While glucosamine and chondroitin sulfates are essential for healthy joints, they are just two members of a much larger family of mucopolysaccharides that are naturally found in all joint cartilage. Other compounds in the family include heparan sulfate, heparin, dermatan sulfate, keratan sulfate, and hyaluronan.

Many people have problems digesting glucosamine and chondroitin. Because sulfates can be difficult to break down, I also recommend taking the enzymes bromelain and papain to help take some of the stress off of the digestive system and ensure that the cartilage components are properly absorbed.

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Lemon Myrtle (Backhousia citriodora)

Lemon myrtle is one of the world's most concentrated sources of a potent substance called citral. Citral oil appears to have powerful antipathogenic qualities that enable it to get to the root of some arthritis problems. One of the most common and overlooked causes of arthritic pain is the buildup of toxic pathogens in the joints. Lemon myrtle works by carrying these toxins away from the joints, thereby eliminating the source of arthritic pain and inflammation.

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Aniseed Myrtle (Backhousia anisata)

Like lemon myrtle, aniseed myrtle contains some very complex antipathogenic compounds that counteract the buildup of toxins in the joints. Aniseed myrtle also has effective and completely safe anesthetizing properties that can reduce arthritic pain.

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Wild Rosella (Hibiscus sabdariffa)

Similar to lemon and aniseed myrtle, wild rosella helps prevent arthritic pain and inflammation by neutralizing toxins that make it into the joints. In addition, it appears to have fairly strong antioxidant properties and is a good source of vitamin C.

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DMSO (dimethylsulfoxide) is a clear, colorless, slightly oily liquid with a faint smell of sulphur. It has been shown to reduce swelling, inflammation, and arthritic pain.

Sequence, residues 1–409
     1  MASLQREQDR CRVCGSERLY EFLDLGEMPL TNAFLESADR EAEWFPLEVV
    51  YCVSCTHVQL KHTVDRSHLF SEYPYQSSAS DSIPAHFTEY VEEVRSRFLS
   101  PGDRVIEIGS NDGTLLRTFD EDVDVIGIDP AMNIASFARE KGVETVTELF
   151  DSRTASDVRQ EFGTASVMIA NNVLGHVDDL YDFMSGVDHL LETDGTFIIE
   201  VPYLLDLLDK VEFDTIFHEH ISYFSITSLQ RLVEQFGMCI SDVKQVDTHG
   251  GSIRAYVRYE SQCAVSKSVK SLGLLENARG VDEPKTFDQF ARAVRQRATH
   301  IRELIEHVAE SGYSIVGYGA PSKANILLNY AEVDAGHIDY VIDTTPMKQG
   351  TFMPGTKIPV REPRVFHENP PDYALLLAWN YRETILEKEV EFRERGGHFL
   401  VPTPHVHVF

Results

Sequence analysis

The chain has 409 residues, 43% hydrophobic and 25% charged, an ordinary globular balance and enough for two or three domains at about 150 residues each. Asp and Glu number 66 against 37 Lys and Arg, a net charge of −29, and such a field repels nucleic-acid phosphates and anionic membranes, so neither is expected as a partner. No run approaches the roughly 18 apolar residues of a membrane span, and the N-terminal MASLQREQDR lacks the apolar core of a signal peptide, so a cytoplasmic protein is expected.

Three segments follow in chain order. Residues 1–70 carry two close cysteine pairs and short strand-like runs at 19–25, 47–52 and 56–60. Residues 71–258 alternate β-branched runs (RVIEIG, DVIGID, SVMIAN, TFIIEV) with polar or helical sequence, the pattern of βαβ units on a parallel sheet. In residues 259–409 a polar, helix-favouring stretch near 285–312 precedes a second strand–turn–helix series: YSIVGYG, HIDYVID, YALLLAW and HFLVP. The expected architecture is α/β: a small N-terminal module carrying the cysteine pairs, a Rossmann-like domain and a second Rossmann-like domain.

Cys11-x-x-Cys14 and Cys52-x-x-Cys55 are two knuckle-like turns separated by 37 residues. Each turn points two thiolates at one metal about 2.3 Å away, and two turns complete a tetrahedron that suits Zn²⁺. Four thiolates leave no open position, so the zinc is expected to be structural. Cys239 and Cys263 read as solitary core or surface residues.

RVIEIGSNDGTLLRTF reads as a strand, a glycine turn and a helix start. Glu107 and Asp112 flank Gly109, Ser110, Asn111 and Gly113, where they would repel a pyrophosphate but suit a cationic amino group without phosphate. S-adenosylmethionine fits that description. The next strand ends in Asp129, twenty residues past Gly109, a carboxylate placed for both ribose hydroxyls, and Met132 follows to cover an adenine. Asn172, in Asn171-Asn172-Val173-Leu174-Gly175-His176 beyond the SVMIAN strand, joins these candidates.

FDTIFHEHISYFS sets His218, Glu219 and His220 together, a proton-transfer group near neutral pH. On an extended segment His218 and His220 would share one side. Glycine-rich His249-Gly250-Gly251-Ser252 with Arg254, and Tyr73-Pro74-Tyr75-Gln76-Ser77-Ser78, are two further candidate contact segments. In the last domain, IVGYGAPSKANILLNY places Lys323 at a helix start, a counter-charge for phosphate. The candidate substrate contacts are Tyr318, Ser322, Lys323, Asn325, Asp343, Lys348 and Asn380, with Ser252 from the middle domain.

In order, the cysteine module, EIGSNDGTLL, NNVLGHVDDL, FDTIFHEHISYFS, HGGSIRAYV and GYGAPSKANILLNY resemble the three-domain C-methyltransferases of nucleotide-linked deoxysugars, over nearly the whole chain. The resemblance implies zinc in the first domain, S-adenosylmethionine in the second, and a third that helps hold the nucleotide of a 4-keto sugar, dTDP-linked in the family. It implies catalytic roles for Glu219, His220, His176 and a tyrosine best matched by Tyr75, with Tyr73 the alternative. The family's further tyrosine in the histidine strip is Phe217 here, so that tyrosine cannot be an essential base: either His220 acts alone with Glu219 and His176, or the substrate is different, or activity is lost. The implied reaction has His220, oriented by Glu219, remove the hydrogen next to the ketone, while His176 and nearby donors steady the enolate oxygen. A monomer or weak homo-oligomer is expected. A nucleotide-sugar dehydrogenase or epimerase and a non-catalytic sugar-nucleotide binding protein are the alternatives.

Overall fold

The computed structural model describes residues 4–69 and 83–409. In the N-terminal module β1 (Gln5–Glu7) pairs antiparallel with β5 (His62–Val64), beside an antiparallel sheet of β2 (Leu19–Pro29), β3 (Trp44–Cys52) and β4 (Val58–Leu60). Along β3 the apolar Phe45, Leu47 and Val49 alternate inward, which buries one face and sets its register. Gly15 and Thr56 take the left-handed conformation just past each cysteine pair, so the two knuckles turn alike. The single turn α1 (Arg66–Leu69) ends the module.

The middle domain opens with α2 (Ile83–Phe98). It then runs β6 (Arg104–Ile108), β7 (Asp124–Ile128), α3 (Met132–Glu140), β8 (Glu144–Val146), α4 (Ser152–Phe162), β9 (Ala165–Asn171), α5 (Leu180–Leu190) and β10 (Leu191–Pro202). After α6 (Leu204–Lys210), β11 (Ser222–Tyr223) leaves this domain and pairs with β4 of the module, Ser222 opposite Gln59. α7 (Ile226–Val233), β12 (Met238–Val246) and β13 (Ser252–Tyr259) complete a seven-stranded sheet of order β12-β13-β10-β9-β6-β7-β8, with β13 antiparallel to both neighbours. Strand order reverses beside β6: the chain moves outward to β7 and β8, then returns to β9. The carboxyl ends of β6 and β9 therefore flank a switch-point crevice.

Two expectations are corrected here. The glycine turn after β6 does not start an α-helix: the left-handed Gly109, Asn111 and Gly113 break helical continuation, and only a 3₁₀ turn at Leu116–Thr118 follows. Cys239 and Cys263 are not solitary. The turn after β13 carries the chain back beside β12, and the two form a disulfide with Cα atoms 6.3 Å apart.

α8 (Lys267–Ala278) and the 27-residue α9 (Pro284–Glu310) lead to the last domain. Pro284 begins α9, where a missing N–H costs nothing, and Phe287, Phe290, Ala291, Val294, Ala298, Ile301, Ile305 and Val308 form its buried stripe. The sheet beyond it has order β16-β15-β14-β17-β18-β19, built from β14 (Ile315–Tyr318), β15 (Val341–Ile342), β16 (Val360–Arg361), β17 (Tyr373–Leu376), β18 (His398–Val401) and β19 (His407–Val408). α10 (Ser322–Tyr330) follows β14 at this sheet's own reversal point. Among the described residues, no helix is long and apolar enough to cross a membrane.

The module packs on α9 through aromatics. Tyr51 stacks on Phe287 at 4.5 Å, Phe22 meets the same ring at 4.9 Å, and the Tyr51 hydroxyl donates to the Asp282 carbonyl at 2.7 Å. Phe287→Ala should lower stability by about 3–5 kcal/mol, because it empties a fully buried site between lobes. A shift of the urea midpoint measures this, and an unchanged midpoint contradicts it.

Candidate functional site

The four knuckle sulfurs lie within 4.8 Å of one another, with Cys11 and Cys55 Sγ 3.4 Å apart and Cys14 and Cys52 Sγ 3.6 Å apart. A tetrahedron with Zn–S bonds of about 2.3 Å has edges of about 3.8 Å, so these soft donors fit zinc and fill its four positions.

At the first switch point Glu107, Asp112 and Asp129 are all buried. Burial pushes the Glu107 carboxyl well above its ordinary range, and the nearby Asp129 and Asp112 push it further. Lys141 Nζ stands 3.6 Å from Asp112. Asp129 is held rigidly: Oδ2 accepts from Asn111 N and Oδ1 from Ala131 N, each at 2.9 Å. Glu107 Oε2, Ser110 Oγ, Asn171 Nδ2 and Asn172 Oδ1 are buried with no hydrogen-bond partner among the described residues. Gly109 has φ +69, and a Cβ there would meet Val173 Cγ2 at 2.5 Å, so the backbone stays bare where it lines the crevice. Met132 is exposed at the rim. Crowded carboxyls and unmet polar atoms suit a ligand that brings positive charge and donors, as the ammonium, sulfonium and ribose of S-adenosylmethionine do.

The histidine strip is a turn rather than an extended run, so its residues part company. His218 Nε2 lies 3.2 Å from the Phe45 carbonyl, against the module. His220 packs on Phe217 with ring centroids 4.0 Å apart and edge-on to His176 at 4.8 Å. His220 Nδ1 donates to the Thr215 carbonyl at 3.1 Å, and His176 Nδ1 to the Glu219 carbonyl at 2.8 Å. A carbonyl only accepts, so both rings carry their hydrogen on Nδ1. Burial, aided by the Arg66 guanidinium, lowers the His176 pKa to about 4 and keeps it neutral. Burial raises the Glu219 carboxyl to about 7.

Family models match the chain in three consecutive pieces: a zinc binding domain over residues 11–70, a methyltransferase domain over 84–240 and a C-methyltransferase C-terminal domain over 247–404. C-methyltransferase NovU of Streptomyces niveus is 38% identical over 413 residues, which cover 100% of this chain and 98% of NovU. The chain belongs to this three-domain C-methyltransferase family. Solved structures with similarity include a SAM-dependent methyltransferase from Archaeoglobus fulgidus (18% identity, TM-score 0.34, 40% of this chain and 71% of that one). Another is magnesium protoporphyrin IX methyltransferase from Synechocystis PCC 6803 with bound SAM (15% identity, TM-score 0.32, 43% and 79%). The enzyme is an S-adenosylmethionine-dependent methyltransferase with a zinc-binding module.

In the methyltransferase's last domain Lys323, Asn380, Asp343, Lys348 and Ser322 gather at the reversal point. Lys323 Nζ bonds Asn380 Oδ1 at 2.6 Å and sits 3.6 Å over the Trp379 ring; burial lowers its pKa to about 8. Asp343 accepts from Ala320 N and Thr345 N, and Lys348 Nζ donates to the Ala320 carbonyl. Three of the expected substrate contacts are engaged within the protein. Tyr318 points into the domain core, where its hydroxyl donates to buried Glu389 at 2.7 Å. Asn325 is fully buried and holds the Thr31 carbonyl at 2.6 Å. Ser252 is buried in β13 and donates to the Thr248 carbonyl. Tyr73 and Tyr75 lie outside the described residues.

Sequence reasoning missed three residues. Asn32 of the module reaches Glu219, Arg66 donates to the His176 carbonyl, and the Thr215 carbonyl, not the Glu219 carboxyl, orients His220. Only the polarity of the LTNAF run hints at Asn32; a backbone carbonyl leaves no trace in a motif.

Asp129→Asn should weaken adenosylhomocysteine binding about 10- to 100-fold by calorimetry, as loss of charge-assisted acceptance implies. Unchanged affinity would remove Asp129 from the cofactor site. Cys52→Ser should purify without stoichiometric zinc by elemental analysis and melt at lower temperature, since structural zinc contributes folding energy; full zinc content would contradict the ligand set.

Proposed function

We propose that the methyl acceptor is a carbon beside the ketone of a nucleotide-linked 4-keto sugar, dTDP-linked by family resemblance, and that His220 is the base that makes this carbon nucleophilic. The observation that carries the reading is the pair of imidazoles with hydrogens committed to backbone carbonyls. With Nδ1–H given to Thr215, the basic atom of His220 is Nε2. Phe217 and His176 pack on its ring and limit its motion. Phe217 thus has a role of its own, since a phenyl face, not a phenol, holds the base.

I recommend that everyone keep a pint of 99.9 percent pure liquid DMSO on hand. DMSO should always be diluted with distilled water. In the majority of conditions, DMSO works best when it is in 70 to 90 percent concentrations—70 percent DMSO and 30 percent distilled water, or 90 percent DMSO and 10 percent distilled water.

Using your fingers or a cotton ball or swab, apply DMSO directly to the skin where you are experiencing arthritic pain. Most authorities suggest dabbing DMSO onto an area, but rubbing it on has been shown to improve the absorption time by up to 50 percent. A typical application is 1–3 teaspoons. For acute injuries, apply DMSO every two hours for six to eight hours following the injury. For the next five days or so, apply once every four to six hours. You can buy DMSO at health food stores and from online retailers.

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More Dr. Williams Advice on Arthritis

DISCLAIMER: The content of is offered on an informational basis only, and is not intended to be a substitute for professional medical advice, diagnosis, or treatment. Always seek the guidance of a qualified health provider before making any adjustment to a medication or treatment you are currently using, and/or starting any new medication or treatment. All recommendations are "generally informational" and not specifically applicable to any individual's medical problems, concerns and/or needs.